Using Social Stories to Decrease Negative Behaviors in Students with Autism and Other Disabilities
Vivian C. Williams, Ed.D.
University of California Santa Barbara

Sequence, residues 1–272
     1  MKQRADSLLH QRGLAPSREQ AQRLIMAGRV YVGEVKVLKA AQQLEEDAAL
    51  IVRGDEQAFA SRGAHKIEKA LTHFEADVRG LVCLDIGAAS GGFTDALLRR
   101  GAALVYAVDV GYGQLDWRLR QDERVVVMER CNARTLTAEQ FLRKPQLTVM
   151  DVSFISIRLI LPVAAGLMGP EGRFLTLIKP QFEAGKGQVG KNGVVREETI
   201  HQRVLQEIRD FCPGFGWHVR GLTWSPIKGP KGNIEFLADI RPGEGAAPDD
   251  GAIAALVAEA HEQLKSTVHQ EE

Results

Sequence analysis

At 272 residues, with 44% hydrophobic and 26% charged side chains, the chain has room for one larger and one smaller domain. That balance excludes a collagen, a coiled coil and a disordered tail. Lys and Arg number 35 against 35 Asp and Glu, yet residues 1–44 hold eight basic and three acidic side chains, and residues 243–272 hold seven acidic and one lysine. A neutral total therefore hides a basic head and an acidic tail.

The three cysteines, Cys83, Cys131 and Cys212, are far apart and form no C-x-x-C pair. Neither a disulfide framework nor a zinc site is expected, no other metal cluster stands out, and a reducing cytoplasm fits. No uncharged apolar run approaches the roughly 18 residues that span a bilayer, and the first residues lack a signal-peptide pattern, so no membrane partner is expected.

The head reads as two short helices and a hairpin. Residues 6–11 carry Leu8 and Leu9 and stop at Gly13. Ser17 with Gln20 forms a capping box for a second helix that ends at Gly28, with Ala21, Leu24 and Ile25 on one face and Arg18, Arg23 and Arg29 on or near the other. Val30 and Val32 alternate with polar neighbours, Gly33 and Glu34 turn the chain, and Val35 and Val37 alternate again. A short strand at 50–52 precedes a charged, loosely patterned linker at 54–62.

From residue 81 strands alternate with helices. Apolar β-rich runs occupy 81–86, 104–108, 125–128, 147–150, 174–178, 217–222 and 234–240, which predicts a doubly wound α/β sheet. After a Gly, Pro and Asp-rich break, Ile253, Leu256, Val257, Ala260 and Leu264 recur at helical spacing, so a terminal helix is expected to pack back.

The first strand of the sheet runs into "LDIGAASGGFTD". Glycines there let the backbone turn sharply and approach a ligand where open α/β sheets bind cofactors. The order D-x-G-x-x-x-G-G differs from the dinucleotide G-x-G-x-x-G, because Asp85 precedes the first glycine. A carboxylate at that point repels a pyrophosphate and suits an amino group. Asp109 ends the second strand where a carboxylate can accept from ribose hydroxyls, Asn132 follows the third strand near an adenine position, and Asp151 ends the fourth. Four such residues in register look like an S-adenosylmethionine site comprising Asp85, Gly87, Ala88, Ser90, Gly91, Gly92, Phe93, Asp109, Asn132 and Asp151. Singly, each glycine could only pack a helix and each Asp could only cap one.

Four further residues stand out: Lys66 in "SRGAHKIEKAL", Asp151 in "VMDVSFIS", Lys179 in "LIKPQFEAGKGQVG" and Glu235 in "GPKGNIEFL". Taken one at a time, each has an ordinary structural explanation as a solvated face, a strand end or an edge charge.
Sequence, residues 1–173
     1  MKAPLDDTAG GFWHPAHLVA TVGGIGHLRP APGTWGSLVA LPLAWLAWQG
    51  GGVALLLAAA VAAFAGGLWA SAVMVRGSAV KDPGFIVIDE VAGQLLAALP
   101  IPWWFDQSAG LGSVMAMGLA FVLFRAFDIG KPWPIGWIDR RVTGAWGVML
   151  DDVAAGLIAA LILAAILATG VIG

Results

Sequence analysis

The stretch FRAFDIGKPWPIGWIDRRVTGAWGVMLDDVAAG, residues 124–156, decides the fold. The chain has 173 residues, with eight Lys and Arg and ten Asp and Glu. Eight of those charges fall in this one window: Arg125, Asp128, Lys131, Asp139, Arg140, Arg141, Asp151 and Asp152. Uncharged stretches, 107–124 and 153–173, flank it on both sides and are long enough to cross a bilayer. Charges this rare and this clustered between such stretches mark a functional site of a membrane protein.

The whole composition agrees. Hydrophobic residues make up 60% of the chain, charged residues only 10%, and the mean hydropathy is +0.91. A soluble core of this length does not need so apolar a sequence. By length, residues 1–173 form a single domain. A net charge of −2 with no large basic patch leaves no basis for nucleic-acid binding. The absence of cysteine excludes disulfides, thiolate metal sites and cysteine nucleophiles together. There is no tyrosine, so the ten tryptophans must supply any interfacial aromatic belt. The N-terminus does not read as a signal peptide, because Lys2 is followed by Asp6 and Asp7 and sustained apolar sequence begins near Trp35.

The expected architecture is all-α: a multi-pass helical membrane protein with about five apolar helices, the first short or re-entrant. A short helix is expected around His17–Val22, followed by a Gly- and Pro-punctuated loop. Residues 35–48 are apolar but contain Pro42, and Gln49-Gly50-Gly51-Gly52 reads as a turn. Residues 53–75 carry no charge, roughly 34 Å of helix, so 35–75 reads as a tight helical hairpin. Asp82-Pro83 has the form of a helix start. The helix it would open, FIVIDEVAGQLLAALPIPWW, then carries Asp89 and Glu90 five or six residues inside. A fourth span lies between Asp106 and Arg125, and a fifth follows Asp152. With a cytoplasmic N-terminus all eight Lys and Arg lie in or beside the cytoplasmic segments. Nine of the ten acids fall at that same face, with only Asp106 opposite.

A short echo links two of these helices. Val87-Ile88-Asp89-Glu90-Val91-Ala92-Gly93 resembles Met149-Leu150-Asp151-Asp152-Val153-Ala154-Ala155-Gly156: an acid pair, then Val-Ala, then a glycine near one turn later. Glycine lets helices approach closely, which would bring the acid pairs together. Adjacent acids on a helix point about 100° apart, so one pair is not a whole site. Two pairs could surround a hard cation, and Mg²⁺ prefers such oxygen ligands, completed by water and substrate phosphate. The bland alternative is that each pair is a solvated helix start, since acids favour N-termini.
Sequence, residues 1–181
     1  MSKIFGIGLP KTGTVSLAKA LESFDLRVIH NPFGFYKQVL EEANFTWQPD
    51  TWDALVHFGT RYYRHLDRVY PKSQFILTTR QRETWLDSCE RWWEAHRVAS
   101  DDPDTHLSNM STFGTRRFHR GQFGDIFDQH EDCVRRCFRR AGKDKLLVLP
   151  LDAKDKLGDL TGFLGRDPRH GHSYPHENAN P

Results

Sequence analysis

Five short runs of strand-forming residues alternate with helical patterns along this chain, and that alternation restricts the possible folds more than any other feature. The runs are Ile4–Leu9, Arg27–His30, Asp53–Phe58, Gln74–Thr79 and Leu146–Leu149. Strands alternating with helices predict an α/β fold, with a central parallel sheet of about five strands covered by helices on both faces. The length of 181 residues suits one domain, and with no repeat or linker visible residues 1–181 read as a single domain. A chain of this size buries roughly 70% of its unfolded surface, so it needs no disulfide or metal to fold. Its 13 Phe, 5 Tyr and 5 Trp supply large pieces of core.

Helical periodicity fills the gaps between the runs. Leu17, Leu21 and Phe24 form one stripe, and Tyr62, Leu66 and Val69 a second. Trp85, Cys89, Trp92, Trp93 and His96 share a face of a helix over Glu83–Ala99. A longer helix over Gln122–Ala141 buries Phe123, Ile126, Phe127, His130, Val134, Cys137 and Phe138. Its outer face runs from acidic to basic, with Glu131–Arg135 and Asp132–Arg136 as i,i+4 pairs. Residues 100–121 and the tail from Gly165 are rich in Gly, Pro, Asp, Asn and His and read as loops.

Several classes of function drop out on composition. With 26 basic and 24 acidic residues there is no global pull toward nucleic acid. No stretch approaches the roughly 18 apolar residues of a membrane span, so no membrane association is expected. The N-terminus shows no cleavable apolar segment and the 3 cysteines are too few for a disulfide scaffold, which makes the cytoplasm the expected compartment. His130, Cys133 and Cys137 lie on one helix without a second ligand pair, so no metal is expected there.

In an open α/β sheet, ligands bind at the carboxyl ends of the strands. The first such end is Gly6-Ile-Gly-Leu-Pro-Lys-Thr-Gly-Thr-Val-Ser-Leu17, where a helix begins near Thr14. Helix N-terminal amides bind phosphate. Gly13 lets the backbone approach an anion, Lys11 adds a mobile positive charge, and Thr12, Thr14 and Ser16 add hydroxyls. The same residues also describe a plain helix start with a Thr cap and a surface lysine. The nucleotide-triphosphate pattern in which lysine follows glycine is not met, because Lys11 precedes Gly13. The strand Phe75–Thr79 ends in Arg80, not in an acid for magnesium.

This issue of NASET’s Autism Spectrum Disorder series comes from the Fall 2021 edition of the Journal of the American Academy of Special Education Professionals (JAASEP). It was written by Vivian Williams, Ed.D. from the University of California Santa Barbara. Social stories are effective interventions that can be used to manage negative behaviors and develop social skills. However, contradictory results are suggested within the research because of variability in designing social stories, intervention phases, target behaviors, and treatment protocol. Social story interventions may reduce negative behaviors among many children and adolescents with autism, other pervasive developmental disorders, and emotional and behavioral disabilities. Many research studies focused on the implementation of social stories with children and adolescents who range from 3-15 years of age. From these studies, social stories were found to be an effective intervention for increasing appropriate behaviors and decreasing challenging behaviors. This paper examines current research in the use of social stories’ intervention to reduce negative behaviors for students with autism and other disabilities.
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